For those of you who keep up with my regular writings, you’ve probably figured out that I’m a positive person. Epilepsy, and life in general, presents all sorts of hurdles; I like to overcome them with perseverance and joy. But lately, I don’t feel like overcoming them…and when I do, it’s not with joy. I feel like having my very own pity party.
For our March 2017 Epilepsy Blog Relay, I wrote an article for this website about being thankful for epilepsy. It has influenced my life in so many ways and I am honestly grateful for the positive things it has done in my life. But right now, I am the furthest thing from thankful about epilepsy.
My Pity Party
I hate having epilepsy. It has reared it’s ugly head and beaten me down with its role in my life. I hate having to take so many pills in one day. I hate the side effects that those medications cause, leading me to be constantly exhausted and taking even more pills to counteract my AEDs. I hate that my memory is seemingly non-existent and causes me to forget even the most basic things. This is a constant interruption to my life. I’m pained at the fact that I have now developed stress induced episodes, which limits my ability to do my job as passionately as I would like. It also holds me back from applying to other jobs out of fear that my brain couldn’t handle them.
I hate having epilepsy.
I hate that my loved ones worry about my well being and are on alert for any abnormal behavior on my part. It’s a vigilance that, once it has begun, it will likely never end. I hate having to quell fears that someone has when I first tell he/she that I have epilepsy. I hate the fluid stream of emotions that having a disorder comes with–anger, fear, confusion, worry, frustration, sadness, the list goes on and on.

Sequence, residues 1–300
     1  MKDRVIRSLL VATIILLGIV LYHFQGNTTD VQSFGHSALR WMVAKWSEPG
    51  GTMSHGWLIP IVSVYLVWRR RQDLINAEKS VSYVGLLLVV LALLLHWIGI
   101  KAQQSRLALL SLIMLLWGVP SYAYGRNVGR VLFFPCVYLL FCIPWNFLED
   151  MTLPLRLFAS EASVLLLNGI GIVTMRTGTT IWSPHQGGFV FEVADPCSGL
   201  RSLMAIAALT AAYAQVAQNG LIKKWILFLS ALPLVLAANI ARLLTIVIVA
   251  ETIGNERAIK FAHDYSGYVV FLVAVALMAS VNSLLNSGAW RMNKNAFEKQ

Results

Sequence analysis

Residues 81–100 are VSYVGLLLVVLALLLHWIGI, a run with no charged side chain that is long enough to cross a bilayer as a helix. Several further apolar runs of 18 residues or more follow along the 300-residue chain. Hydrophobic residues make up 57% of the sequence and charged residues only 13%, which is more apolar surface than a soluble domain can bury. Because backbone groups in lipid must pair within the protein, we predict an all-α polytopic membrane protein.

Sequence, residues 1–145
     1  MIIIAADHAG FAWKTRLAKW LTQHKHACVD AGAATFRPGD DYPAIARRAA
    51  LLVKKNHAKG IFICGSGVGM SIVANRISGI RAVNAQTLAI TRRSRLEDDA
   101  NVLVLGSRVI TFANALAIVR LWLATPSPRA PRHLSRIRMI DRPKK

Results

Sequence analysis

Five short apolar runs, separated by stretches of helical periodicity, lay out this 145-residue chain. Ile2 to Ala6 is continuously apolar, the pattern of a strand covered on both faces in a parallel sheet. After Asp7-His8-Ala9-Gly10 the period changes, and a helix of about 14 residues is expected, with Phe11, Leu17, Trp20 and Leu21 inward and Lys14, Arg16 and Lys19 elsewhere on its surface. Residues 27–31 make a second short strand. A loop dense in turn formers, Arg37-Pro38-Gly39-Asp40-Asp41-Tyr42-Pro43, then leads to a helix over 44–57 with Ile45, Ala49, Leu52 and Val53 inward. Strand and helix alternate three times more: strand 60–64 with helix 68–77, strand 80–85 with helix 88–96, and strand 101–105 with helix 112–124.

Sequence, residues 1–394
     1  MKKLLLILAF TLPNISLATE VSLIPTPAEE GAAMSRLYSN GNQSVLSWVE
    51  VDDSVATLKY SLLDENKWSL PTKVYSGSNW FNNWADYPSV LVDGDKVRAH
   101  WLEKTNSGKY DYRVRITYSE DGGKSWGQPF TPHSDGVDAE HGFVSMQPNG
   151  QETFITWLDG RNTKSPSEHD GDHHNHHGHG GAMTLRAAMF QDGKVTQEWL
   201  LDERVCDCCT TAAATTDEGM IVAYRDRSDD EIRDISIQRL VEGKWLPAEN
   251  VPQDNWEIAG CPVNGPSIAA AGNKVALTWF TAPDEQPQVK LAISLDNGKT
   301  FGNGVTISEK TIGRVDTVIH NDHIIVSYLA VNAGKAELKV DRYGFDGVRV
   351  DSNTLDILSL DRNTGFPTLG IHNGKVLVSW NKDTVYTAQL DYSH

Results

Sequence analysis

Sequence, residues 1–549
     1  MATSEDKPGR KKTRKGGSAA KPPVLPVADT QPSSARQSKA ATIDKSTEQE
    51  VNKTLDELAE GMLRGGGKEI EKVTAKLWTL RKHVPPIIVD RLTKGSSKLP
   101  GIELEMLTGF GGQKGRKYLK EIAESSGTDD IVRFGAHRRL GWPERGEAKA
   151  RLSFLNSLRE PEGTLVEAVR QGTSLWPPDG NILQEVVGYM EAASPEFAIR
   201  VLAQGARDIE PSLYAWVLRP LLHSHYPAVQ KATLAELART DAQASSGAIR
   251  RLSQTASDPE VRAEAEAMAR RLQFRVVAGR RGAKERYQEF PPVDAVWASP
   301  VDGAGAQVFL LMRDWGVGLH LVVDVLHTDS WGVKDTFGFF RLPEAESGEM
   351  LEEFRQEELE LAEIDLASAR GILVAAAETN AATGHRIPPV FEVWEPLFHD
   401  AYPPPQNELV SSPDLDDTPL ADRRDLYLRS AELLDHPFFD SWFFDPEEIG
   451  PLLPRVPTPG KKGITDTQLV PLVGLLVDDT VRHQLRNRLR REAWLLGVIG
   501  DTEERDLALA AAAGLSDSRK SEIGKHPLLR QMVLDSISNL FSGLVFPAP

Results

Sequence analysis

I hate that I don’t remember a “normal” life, one free of medication, free of requiring a long list of specialists to pilot my life, free of constant concern for my health by myself and others, free of restriction both physically and mentally. I hate that I have no option for a cure, only opportunities to make epilepsy management easier, but never really to make it go away. I hate it and I want it to go away.
Yes, I know that there are many, many others in this world who are worse off than I am. I know that I should be thankful for the AEDs that exist, in my abilities despite my epilepsy, and that I have such wonderful supports around me. If you talk to me on most days, I do hold these positive beliefs. But days like today, I wish I could rewrite my story.
I wish I could form my story to be one of ease through getting an education, to one where my personality develops without the “Kepprage” and is wholly me. I’d spend no money or time on prescriptions and specialists, but instead invest in opportunities and experiences. My parents would get more sleep at night and my friends wouldn’t have to keep watch for my safety when we are together. My story would be one of success, instead of success with an asterisk next to it, denoting that I have epilepsy which impacted this success. Did it impact it in a positive way or negative way? Well, you’ll have to use your imagination for that one. Sure, I may be successful, but how much more successful could I have been if I didn’t have a steep IQ drop due to my seizures. What else could I have accomplished if I didn’t have to devote so much time to sleep? What could I have learned over my lifetime if I had a fully working memory? How would my self-confidence be different if I hadn’t been bullied for years? Where would I be in life? No one can answer that.
I know. I know I cannot go back in time and change events. I know that epilepsy has also had a positive impact on my life. And I know that no matter how I look at it, my epilepsy is not going away. So, this is when I rely on my supports that I mentioned earlier, to love me and my whole self through the days I struggle. I rely on you, my epilepsy community, to remind me that life is not all bad with epilepsy. And I rely on myself to ultimately pick myself up, put one foot in front of the other, and move forward with my life. At the end of the day, epilepsy has impacted life in good and bad days. The only way to get through the bad days is to focus on the good.
This ends my pity party. I will pack up my tears and half-inflated balloons and get out my party hat and confetti. I will celebrate that I have a life, one that brings joy and love. I will remind myself of the good that exists here and get back to appreciating my life, epilepsy and all.
Leila shares stories on stigma and epilepsy based on her experiences and what she hears from others. She was diagnosed with Epilepsy at age 8 and is based in Pennsylvania.